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do all scales not begin with a root?

Discussion in 'General Instruction [BG]' started by TooL_051685, Jul 6, 2005.


  1. TooL_051685

    TooL_051685

    Jan 19, 2005
    i thought scales were named by the root note they begin with, but now after looking at some diagrams of penatonics, i'm confused.

    okay, I'm fairly new to playing bass and i learned all the plain old major and minor scales. now i'm attempting penatonic major and minor scales. now from what i read on one website the penatonic major scale consists of 6 notes and follows the pattern of: "root note-whole step-whole step-whole and a half step-whole step-whole and a half step.

    Then i went to activebass.com and looked at their scale finder. i looked at the major penatonic scale for e. i noticed that the scale started off with an F# instead of a E. i also noticed that their penatonic scale includes 8 notes instead of six. but all the same notes did fall within the scale. it was just that different root not that confused me.

    my question is should i learn it the first way or the second way. i understand extending the scale beyond the 6th note, but i think starting the scale early can be a confusing way to show it(especially for beginners) im also having a bit more trouble noticing a pattern to follow on the fret board. the regular major and minor scales i can zip through forward and backward withouth thinking twice.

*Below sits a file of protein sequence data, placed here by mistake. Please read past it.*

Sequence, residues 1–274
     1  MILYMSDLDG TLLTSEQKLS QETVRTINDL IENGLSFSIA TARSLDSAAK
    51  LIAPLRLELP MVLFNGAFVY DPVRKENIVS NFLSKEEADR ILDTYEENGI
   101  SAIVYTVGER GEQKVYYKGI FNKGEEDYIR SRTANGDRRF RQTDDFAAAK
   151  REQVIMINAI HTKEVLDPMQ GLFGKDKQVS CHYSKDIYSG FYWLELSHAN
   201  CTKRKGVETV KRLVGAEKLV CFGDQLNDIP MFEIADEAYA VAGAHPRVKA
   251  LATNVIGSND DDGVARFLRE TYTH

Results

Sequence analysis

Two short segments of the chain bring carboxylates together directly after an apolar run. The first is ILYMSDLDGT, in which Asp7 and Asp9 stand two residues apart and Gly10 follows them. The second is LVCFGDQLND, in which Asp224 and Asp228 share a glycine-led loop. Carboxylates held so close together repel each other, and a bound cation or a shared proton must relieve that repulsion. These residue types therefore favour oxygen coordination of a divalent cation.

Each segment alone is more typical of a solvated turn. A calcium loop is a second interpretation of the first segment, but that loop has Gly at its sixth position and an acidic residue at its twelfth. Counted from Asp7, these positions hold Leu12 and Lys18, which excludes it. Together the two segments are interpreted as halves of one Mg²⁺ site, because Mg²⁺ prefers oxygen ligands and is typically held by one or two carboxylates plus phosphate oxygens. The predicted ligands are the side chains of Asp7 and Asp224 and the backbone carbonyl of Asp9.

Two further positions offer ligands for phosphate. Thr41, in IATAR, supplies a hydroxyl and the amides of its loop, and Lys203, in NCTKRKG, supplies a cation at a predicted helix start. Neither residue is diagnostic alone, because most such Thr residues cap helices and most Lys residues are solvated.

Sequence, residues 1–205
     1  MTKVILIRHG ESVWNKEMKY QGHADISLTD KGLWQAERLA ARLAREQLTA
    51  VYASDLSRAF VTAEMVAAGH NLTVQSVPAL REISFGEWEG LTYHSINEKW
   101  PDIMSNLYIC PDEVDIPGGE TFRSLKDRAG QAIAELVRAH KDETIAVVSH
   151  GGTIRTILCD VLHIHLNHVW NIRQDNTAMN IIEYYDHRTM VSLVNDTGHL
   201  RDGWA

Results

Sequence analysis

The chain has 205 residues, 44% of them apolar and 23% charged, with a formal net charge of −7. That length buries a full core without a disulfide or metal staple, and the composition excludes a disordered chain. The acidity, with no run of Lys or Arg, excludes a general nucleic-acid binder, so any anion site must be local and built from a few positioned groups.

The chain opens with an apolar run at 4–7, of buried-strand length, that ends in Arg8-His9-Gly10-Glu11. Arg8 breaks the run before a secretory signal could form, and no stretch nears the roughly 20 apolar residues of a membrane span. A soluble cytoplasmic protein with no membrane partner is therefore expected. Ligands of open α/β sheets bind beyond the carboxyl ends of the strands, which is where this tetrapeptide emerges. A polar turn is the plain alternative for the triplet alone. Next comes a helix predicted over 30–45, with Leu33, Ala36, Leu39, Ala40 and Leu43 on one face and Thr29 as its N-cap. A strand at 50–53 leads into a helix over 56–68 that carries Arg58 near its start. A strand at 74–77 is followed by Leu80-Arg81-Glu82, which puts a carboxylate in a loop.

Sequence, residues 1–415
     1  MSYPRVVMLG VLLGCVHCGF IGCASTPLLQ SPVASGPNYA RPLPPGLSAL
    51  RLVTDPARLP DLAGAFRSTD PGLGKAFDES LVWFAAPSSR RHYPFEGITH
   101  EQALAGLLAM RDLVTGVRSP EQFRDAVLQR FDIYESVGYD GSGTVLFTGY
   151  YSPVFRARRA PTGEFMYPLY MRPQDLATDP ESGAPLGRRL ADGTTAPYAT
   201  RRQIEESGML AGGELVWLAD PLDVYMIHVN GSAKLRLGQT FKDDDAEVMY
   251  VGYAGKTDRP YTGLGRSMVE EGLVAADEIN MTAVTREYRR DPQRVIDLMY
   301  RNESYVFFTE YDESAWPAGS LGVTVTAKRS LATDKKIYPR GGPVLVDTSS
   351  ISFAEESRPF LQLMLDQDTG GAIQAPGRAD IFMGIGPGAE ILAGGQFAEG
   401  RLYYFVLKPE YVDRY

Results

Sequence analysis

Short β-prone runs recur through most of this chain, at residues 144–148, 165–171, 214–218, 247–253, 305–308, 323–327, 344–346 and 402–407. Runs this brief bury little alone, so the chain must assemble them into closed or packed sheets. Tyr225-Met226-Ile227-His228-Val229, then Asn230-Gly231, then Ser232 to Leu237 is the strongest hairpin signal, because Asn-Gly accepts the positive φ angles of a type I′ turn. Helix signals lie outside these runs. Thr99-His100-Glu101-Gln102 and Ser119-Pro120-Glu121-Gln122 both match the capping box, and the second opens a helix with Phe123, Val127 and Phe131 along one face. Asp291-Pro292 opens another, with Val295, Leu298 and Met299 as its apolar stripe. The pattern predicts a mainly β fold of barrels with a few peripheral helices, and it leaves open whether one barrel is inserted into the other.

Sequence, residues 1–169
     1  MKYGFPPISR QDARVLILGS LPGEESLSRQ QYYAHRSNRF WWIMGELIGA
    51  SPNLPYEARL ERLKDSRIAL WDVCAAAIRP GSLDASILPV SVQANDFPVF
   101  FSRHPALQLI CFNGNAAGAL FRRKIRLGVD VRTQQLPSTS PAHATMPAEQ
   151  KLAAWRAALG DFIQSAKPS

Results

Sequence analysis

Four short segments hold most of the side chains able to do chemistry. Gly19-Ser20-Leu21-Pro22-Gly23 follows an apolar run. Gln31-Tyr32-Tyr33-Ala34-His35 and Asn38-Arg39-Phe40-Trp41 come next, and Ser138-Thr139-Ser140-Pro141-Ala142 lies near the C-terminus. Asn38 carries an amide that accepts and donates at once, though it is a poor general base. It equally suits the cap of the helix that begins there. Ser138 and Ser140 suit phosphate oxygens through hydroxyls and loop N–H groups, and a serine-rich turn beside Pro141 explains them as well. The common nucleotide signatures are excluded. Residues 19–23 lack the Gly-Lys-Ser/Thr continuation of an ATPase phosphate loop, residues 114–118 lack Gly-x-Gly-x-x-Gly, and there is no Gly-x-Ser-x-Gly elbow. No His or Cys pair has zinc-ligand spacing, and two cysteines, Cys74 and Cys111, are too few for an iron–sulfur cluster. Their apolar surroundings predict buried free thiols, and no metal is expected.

thanks for any and all help
     
  2. I agree; it is a little confusing when scales are shown with a note other than the root on the bottom. Probably they did it so that they could include notes on all the strings. Just make a mental note of where the scale's root is in whatever position you are learning it. I usually play pentatonics with two notes on each string. You can't do that with the E major pentatonic when you play it at the nut, since G sharp can't be played on the A string. My advice is to know where the notes fall on the fingerboard in all those positions. Learn the notes by name, rather than by their location in a particular fingering pattern. Then you can play most of the notes of the scale in second position, with two notes per string, and play the low E open.
     
  3. Bryan R. Tyler

    Bryan R. Tyler TalkBass: Usurping My Practice Time Since 2002 Staff Member Administrator Gold Supporting Member

    May 3, 2002
    Connecticut
    Pentatonics have five notes- penta= five.
     
  4. TooL_051685

    TooL_051685

    Jan 19, 2005
    thanks man i appreciate it. yea i'm sorry i said 6 notes, i was counting the root again
     
  5. Hi - could it have been a first inversion of the E which would start on F#.I tend to think diatonically instead of getting caught up learning pentatonics and inversions, triads, four note chords.Learn the scale which is where the pentatonic comes from anyway and the important notes such as 1,3,5,7 etc and then how each note 'sounds' when it's played in a particular situation.I was taught by two teachers the first about triads,pentatonics etc and the second who was my teacher at music college had a strong jazz background and thats when I started to think "above and beyond" the particular chord that I was playing over.
     
  6. TooL_051685

    TooL_051685

    Jan 19, 2005
    thanks, i'm confused what you mean 1, 3, 5, and 7 though
     
  7. Sorry it's hard to explain like this but - 1 = root,3 = major/minor 3rd,7 = major or minor 7th in CM7 you would have root = C , major 3rd = E , 5th = G , major 7 = B.Minor 7 chords have flat 3 and 7.